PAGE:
When Jo Culbertson wrote her article, “How much bridge is too much bridge?” in the August 1934 Ladies Home Journal she was joining the bandwagon of criticism leveled at bridge players in the 30s as contract reached national obsession level.
The Rotarian published a debate between two members to answer the question, “Should bridge be abolished?” As if it could be! Fads have a momentum, no doubt initiated in most cases by promoters like Ely Culbertson. But once they catch on they grow exponentially. Sociologists have compared fads to the way a contagious disease is spread–person to person.
In the Rotarian debate, Silas Bent answered the “Should bridge be abolished?” with “Yessir” and blamed bridge for everything from heart disease to the break up of marriages and the end of conversation. The pro-bridge Clinton Anderson in “No, Never” defended bridge, but it was clear his main concern was all-male bridge clubs, not the ladies-only bridge clubs.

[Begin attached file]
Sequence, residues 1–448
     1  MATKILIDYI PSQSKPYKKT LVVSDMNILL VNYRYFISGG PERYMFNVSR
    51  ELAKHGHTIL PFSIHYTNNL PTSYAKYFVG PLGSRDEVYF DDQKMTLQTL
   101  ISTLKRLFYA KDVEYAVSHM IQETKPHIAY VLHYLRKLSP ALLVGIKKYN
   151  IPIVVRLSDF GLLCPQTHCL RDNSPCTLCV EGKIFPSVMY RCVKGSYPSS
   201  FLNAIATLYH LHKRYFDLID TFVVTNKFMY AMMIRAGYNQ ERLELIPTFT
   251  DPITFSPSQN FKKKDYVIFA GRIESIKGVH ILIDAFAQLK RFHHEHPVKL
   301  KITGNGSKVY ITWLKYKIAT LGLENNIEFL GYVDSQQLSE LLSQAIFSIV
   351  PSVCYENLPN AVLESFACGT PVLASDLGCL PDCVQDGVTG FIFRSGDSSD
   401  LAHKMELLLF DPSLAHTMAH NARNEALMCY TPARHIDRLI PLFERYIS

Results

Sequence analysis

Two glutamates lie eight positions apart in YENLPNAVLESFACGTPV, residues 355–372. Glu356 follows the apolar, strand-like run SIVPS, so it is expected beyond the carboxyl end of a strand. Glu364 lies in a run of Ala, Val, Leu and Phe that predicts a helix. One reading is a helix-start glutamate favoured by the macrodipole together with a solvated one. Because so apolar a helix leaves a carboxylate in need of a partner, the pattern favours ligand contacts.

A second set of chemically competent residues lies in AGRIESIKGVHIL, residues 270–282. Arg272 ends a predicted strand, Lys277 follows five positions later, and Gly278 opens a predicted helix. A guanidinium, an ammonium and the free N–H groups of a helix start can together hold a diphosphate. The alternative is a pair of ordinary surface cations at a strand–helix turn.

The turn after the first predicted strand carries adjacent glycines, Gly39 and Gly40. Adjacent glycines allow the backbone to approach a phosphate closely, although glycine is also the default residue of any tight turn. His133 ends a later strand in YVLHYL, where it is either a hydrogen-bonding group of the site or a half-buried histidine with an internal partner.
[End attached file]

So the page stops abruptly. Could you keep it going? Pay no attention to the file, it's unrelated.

University professors at places like Columbia, NYU, University of Chicago opined negatively on the claim that playing bridge was good for one’s brain. Bridge players, one said, were incapable of “talk” or listening to music, bridge was about giving these people something to do with their hands, like giving a rattle to a baby.
The professors, in turn, were accused of just trying to “pick up a few publicity crumbs from the mighty banquet” served up by Ely Culbertson.
The most extreme comment–really over-the-top–was that of bridge historian Jack Olsen:
“Whist led to bridge-whist, which led to auction bridge, which led to
contract bridge, which led to mayhem and other social evils.”
Somewhat validating Olsen’s comment, I did find in newspapers of that era, encough examples (Chapter 12 in my book) of mayhem–even a murder and a suicide–to somewhat justify Olsen’s negative opinion of the craze for playing contract bridge.
But here’s the thing. Invariably the mayhem happened between men and women–couples–playing bridge. Men and women only behave badly when they play bridge together is my conclusion.